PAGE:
Wednesday, May 16, 2012

How to Incorporate Swords into a Wedding

Swords are cool. What better way is there to liven up a wedding by introducing swords into the mix? Swords can be used as decorations, accessories, or for practical reasons. If you feel that your wedding is lacking medieval weaponry, then check out these great ways of incorporating swords.

For centuries, swords have stood as symbols of power, grace, and awesome-ness. This is why they have the potential of adding so much to a wedding. For instance, when was the last time you attended a wedding and thought to yourself, “This place could really use some sharp objects”? Swords can serve as decoration on a plaque or coat of arms, and show guests that you may be here to party, but you don’t mess around.

Military uniforms are often decorated with swords, like the one that Prince William wore to his wedding. If a groom, or male member of the wedding party, chooses to wear a military uniform to a church wedding, then he should check with the church beforehand since swords may not be allowed in certain religious settings. Even if weapons are allowed, ceremonial military swords should never be drawn in a place of worship[1].

As a sign of respect for the newly married couple, military men can create an arch with their swords for the newlyweds to walk under. Of course, based on the regulations about swords being drawn, the arch is usually placed outside. An arch of rifles can also replace the arch of sabers, if you’re looking for a little more firepower[2].

At the reception, swords can be used for food and beverage service. For my parents’ 25th anniversary, my dad used a saber to open bottles of champagne (which is just about the coolest thing I’ve ever seen). Not only is this an amazing piece of entertainment that guests really enjoy (I know I did!), but it is also a great way to keep the festivities going without the bride and groom needing to be present. An example: if you decide to have your wedding photos taken after the ceremony, then the father-of-the-bride or another member of the wedding party can do this trick during the cocktail hour to keep guests interested while they wait.

Image courtesy of David and Anina Nolen.
One of my favorite ways that I’ve seen couples incorporate swords into a wedding is by using a saber to cut the wedding cake. The act of cutting the cake with one’s new spouse is already momentous enough, but adding a sword? Absolutely unforgettable! This is a great photo op, and most importantly, a fantastic way to incorporate swords into a wedding.

Bottom Line: Although previously used to conquer armies and merge nations, swords can be used as cool decorations, military traditions, or for entertaining guests. It’s not surprising how easily swords can be incorporated in to a wedding since, as we all know, love is a battlefield. Iconic lyrics courtesy of Pat Benatar.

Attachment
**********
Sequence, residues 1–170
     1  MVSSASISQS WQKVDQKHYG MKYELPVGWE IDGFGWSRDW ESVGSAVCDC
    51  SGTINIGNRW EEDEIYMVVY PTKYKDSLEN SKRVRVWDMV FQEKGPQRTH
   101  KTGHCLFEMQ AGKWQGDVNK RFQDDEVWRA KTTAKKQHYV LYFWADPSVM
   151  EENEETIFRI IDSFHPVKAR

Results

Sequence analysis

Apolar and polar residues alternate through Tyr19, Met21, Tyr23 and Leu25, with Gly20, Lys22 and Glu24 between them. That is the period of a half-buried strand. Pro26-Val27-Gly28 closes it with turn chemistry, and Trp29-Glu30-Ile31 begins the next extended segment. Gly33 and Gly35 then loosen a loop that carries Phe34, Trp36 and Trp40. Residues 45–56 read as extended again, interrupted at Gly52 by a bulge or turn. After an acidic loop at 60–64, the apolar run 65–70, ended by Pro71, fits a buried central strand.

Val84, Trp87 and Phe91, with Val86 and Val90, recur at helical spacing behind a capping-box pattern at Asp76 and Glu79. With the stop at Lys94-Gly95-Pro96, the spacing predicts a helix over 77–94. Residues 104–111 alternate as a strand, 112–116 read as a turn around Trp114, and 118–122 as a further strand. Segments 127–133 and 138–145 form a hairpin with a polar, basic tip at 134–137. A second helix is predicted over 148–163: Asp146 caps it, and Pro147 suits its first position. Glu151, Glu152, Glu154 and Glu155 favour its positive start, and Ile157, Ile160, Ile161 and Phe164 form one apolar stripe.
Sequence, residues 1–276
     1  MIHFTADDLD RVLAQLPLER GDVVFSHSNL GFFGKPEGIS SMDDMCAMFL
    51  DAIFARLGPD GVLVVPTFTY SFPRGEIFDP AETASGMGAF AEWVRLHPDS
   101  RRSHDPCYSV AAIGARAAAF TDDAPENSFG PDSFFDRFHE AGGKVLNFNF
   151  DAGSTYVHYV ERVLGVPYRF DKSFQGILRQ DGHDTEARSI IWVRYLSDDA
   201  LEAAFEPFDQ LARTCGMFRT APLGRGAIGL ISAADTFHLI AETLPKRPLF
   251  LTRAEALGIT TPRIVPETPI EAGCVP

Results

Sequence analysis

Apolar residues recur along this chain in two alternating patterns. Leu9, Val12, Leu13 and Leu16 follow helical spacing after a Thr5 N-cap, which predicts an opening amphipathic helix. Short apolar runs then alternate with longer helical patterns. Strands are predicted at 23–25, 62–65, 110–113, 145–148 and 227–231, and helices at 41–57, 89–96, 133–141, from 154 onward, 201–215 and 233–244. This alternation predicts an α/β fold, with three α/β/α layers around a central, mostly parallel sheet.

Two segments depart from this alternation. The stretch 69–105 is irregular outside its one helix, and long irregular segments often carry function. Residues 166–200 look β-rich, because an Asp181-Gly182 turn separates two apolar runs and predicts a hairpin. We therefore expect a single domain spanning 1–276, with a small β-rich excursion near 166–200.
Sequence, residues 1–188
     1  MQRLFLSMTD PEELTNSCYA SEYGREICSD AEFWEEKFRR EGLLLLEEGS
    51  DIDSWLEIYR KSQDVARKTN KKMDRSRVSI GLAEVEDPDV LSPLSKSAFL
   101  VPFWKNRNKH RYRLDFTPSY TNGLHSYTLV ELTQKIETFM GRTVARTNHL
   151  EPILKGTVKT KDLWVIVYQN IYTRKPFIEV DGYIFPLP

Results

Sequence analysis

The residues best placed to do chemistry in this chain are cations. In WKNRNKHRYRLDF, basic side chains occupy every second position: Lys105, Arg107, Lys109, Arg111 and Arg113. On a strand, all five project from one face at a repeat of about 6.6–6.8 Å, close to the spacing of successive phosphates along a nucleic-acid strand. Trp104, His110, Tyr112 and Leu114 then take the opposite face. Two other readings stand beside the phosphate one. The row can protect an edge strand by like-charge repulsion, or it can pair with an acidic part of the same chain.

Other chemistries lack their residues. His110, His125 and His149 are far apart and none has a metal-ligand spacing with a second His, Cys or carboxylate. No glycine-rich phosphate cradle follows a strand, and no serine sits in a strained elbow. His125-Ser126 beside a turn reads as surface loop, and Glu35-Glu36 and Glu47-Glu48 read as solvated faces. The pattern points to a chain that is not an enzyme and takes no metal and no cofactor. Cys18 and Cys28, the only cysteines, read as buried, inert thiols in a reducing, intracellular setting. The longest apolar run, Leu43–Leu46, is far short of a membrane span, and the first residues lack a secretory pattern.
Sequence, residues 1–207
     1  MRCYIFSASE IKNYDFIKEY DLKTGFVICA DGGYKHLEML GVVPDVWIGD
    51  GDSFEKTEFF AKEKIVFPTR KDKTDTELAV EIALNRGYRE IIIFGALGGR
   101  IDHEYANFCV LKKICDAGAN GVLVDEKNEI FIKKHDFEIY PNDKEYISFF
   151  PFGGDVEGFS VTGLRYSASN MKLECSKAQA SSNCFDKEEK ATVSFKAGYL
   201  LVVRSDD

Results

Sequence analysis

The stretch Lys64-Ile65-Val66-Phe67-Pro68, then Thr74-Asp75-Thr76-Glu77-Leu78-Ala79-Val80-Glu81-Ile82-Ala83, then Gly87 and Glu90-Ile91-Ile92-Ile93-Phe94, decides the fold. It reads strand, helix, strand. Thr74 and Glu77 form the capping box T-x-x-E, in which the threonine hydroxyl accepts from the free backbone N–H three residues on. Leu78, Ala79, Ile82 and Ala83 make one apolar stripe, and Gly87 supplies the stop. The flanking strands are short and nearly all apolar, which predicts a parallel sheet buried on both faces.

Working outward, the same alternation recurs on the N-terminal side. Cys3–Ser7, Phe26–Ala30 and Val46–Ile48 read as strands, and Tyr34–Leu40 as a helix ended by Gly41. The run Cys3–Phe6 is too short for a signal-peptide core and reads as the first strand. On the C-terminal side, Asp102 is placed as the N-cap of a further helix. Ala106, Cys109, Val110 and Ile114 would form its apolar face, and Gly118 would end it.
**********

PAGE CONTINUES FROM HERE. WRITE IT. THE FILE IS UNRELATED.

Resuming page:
Monday, April 23, 2012

The Engagement Ring

Cushion Cut
Before the engagement begins, the couple has a big (fun, glamorous, pricey) decision to make – choosing an engagement ring! The engagement ring represents not only the couple’s commitment to one another, but also can be symbolic of the couple’s relationship and personalities. Here are what the eight most common ring shapes say about the ladies who wear them…
  • Round: The round diamond ring is by far the most popular, and shows that the couple is classic and isn't worried about branding their relationship. The couple that chooses a round diamond is happy being who they are.
  • Oval: This cut came about in the 1960’s, so it not only carries a feel for the vintage but also for the mod – it’s a twist on the classic round cut, and shows the ring’s brilliance in a new way. The oval diamond shows that the couple wants to prove to themselves what marriage is, instead of taking others’ word for it.
  • Princess (or square): The name says it all… Due to the way a princess ring is cut, even smaller diamonds pick up the light in an incomparable way.  Princess cuts are great for ladies (like me) who love shiny things...
  • Emerald (or rectangle): Unlike the princess cut, the emerald cut will not pick up a great deal of light unless the cut is absolutely perfect. This is why wearing an emerald cut can represent the desire to own the highest-quality goods. The fiancĂ© who gives his bride an emerald cut diamond ring only wants the best for his wife.
  • Cushion: A mix of the princess and round cuts, the girl with a cushion cut is original and glamorous. The man who gives the ring loves her just the way she is.
  • Pear: A combination of a round and marquise diamond, this cut picks up the light with a unique shape. Girls who wear pear shapes dare to be different – they are naturally independent, but have bent their rules on committing for this one person.
  • Marquise: As one of the oldest cuts of ring, the marquise shows a feel of vintage and reinventing traditions. The wearer of a marquise diamond is confident in herself and her relationship.
  • Heart: Cheesy romantic, and not afraid of showing it off! This is the couple whose PDA makes others gag. If you wear a heart-shaped ring, just keep telling yourself what you always have: they’re just jealous (and they probably are).

Marquise - french for "little boat"
Bottom Line: Above all, the engagement ring symbolizes your love, support, and commitment. These sparklers say something different to every person, but they are defined by your relationship. To the ladies: if you have a strong preference (and you know that a big question is coming up), share it with the important ladies in yours and your boyfriend’s lives or (if it’s not a surprise) go ring shopping with him. To the guys: don’t be nervous that she won’t like the ring – she’s gonna love it before you even open the box.